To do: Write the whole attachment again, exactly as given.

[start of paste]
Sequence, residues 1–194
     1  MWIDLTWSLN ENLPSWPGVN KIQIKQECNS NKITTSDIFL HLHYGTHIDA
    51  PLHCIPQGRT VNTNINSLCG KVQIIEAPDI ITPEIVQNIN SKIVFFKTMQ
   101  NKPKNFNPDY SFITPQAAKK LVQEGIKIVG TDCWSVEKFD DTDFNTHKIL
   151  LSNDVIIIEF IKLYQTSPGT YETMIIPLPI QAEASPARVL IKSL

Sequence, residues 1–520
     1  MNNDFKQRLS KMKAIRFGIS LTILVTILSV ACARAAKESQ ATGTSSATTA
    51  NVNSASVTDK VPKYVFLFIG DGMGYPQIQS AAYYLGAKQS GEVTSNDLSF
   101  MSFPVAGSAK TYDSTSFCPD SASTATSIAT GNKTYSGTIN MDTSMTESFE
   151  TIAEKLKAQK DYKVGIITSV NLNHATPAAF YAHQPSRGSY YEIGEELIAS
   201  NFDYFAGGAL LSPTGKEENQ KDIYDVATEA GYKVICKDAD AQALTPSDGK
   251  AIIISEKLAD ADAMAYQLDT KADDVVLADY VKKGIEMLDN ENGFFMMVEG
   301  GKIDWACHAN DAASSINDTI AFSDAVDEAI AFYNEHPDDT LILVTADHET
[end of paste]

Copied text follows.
Sequence, residues 1–194
     1  MWIDLTWSLN ENLPSWPGVN KIQIKQECNS NKITTSDIFL HLHYGTHIDA
    51  PLHCIPQGRT VNTNINSLCG KVQIIEAPDI ITPEIVQNIN SKIVFFKTMQ
   101  NKPKNFNPDY SFITPQAAKK LVQEGIKIVG TDCWSVEKFD DTDFNTHKIL
   151  LSNDVIIIEF IKLYQTSPGT YETMIIPLPI QAEASPARVL IKSL

Sequence, residues 1–520
     1  MNNDFKQRLS KMKAIRFGIS LTILVTILSV ACARAAKESQ ATGTSSATTA
    51  NVNSASVTDK VPKYVFLFIG DGMGYPQIQS AAYYLGAKQS GEVTSNDLSF
   101  MSFPVAGSAK TYDSTSFCPD SASTATSIAT GNKTYSGTIN MDTSMTESFE
   151  TIAEKLKAQK DYKVGIITSV NLNHATPAAF YAHQPSRGSY YEIGEELIAS
   201  NFDYFAGGAL LSPTGKEENQ KDIYDVATEA GYKVICKDAD AQALTPSDGK
   251  AIIISEKLAD ADAMAYQLDT KADDVVLADY VKKGIEMLDN ENGFFMMVEG
   301  GKIDWACHAN DAASSINDTI AFSDAVDEAI AFYNEHPDDT LILVTADHET